TIP Strim long grass in wild areas of the garden before perennial ryegrasses produce their sharp seeds, as these can pierce the skin and get lodged in ears, eyes, nose, and toes.

Deadly Algae

PET CHECK UK Puppy in garden drinking pond water

Don’t let your dog or cat drink from dirty pond water. Keep covered over with a net to avoid a nasty unplanned visit to the vet with severe toxicity symptoms.


\\\ Pet Guides

Important

If you think your dog has been eating snails, slugs or even frogs, visit the vet immediately. 

Local Parks

Dog walkers may need to watch their pets in local parks who may have pretty planted beds and trees. Planting, shrubs, bushes, are not necessarily dog-friendly and the council do not have to oblige with any warning notices.  


\\\ Garden Tips

20 Tips For A Safer Pet-Friendly Garden


1) Only use organic chemicals in your garden and keep all chemicals under lock and key. 

2) Buy and use larger plants when planting in the garden to avoid damage from your pet.

3) Use raised beds to help prevent dogs from trying to dig up plants.

4) Use border fencing to help prevent pets from accessing plants.

5) Secure your garden with solid fencing. Dogs can jump as high as 6 feet with ease and won’t get distracted by passing walkers with unfriendly dogs.

Dogs looking over garden fence

6) Keep snails and slugs out of sight and reach of dogs as these can give lungworm. 

7) Keep your greenhouse and shed doors securely closed at all times. Keep any chemicals high on top shelves where cats cannot climb and dogs can’t access.

8) Choose mulch carefully, avoid cocoa bean, which contains theobromine, which dogs are sensitive to.

9) Avoid throwing poisonous foods in your compost where your pet can access.

10) Never chain up your dog outside. This can cause strangulation if they try to wriggle out of the collar and chain.

11) Avoid planting plants with long, sharp thorns or pointed leaves as these can poke the eyes of pets and cause damage.

12) Don’t leave sharp gardening equipment lying around.

Labrador dog digging garden

13) Dogs ignore paths and run through gaps they spot between shrubs and bushes so infill wherever possible.

14) Dog’s urine will kill grass and plants off so a regular hose down helps to dilute their effects.

15) Create an area in the garden where your pet feels comfortable relieving themselves. This area can be covered with materials like pebbles or bark (not cocoa bark which is toxic to pets). This allows ease to pick up the poops by the owner and the materials can be easily washed down frequently keeping the area hygienic.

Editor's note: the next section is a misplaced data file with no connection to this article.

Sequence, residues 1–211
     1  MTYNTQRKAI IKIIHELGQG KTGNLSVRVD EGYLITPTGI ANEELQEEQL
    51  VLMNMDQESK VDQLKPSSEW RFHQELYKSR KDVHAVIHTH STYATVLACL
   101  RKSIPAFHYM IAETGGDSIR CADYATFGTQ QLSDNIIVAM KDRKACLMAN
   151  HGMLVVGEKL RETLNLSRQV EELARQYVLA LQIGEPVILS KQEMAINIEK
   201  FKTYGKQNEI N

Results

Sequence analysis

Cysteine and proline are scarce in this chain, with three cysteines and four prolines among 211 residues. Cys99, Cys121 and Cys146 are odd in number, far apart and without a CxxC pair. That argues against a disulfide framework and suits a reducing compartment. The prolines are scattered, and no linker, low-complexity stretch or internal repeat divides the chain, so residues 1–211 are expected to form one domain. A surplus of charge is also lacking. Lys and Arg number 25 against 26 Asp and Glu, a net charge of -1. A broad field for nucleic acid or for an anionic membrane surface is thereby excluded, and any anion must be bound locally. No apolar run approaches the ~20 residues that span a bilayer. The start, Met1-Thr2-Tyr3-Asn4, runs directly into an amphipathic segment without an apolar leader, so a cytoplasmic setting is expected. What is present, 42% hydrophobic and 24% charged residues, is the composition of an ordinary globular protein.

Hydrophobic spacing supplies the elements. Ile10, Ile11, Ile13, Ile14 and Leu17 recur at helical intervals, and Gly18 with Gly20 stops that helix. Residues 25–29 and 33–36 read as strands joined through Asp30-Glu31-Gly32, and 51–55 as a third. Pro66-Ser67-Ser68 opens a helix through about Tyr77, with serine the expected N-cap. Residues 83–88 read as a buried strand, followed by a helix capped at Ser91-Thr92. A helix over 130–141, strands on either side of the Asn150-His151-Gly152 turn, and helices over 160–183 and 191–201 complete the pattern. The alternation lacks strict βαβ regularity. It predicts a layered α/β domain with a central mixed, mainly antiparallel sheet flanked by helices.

16) Keep your dog hydrated well which will dilute strong urine staining of the grass, the yellow patches left, particularly by bitches who urinate strongly in one area where males spray more widely.

17) Always clear up dog mess immediately, as it contains worms and the eggs can lay in the grass and soil for years. Take care handling soil that could be infected.

18) When laying or repairing grass, choose a strong hard wearing turf.

19). Teach young children not to touch poop.

20) Dogs need to go out and relieve themselves at night so subtle garden lighting is important for owners to be able to see where they are and supervise.

Shade In Gardens For Pets

During warmer months it is important to provide pets with areas in the garden of natural shade, such as under trees. If you don’t have areas, buying a dog kennel and popping a soft duvet bed in there can be a great alternative.

Fireworks

The government has set times in the yearly calendar when to expect fireworks, but pet owners know that leading up to Bonfire Night, 5 November, private parties unexpectedly let off fireworks which can cause much distress to your pets.

Garden Fires  

Open fires in the garden should never be left unattended where your pets could jump in them and burn themselves.

Bonfires are dangerous to pets. Small pets nest inside them and cannot escape quickly enough when lit.

Don’t leave burning embers or hot barbecue coals accessible to pets. Cats and dogs can burn their paws on them.

Candles are pretty on patios in summer but cats and dogs can singe their coats very easily by simply brushing past the flames.